Low-glycemic index carbohydrates: An effective behavioral change for glycemic control and weight management in patients with type 1 and 2 diabetes

Johanna Burani, Palma J. Longo

Research output: Contribution to journalArticle

31 Scopus citations

Abstract

Purpose: This retrospective study evaluated the incorporation of low-glycemic index (GI) carbohydrates into daily meal planning as an effective behavioral lifestyle change to improve glycemic control and weight management in patients with type 1 and 2 diabetes. Methods: Twenty-one subjects participated in this study. All office visits and interview sessions took place in a 2-physician private medical practice setting in Wayne, New Jersey. Patients' pre- and postcounseling HbA1c and body mass index (BMI) values and their antidiabetic medication dosages were recorded. Audiotaped interviews were conducted using the 10-question Glycemic Index Foods Quiz (GIFQ) and the 29-question Interview Questionnaire (IQ). The GI values of pre- and postcounseling meals were calculated. Assessment was based on triangulating the subjects' adherence to the low-GI carbohydrate behavioral change and the primary outcome measures: HbA1c and BMI. Results: Low-GI medical nutrition therapy (LGI-MNT) counseling reduced HbA1c by 19% (mean drop of 1.5 U) and decreased BMI by 8% (mean loss of 17 pounds). This was accomplished by the participants independently lowering the GI values of their meals by 25% (mean reduction of 15 points). Results were achieved over a time frame of 3 to 36 months from the initial LGI-MNT counseling session. Conclusions: Daily incorporation of low-GI carbohydrates in meal planning can be an effective diabetes self-management strategy for glycemic control and weight management. The documented responses to the subjects' conceptual and practical knowledge of the GI confirm their acceptance of this approach as a permanent behavioral lifestyle change and not a "diet." The positive results of this study attest to what worked for these subjects, inviting diabetes educators to consider offering low-GI dietary advice to their diabetes patients.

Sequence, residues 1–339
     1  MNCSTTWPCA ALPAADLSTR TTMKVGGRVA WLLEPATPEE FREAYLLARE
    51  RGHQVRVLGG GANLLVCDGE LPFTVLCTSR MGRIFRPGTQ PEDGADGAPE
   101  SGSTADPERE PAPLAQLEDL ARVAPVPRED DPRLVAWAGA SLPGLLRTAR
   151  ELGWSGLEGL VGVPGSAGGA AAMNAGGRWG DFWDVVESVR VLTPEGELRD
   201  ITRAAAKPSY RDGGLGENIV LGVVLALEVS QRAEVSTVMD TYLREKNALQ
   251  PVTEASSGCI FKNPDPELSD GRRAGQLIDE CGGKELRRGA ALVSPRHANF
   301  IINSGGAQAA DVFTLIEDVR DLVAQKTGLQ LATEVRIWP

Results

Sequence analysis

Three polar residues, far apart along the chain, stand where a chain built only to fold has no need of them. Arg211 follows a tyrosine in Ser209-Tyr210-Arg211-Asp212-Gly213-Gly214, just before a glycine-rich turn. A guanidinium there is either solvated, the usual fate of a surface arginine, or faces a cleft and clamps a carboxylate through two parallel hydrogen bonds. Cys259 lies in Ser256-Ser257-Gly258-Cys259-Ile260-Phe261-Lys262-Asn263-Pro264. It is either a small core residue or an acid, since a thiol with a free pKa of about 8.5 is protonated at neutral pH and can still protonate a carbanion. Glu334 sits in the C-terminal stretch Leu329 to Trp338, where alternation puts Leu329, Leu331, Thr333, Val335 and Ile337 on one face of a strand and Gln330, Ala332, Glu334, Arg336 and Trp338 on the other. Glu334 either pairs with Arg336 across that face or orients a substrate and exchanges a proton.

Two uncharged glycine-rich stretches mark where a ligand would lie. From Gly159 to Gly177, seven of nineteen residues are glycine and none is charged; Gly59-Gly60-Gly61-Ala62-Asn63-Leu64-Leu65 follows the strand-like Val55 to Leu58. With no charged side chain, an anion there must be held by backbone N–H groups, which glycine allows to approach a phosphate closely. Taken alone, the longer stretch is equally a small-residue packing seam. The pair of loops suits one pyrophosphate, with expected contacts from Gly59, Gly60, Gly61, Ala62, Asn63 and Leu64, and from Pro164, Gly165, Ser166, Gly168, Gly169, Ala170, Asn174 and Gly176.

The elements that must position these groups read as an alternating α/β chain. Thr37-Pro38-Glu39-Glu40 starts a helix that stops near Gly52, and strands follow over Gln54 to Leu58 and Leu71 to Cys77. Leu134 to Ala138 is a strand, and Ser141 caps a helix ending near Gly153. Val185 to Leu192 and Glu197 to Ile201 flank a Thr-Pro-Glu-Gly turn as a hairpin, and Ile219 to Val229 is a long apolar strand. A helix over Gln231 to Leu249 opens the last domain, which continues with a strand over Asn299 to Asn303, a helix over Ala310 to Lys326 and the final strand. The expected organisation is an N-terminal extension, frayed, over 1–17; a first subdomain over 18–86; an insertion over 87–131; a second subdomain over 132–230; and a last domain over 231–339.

Original languageEnglish (US)
Pages (from-to)78-88
Number of pages11
JournalDiabetes Educator
Volume32
Issue number1
DOIs
StatePublished - Jan 1 2006

ASJC Scopus subject areas

  • Endocrinology, Diabetes and Metabolism
  • Health Professions (miscellaneous)

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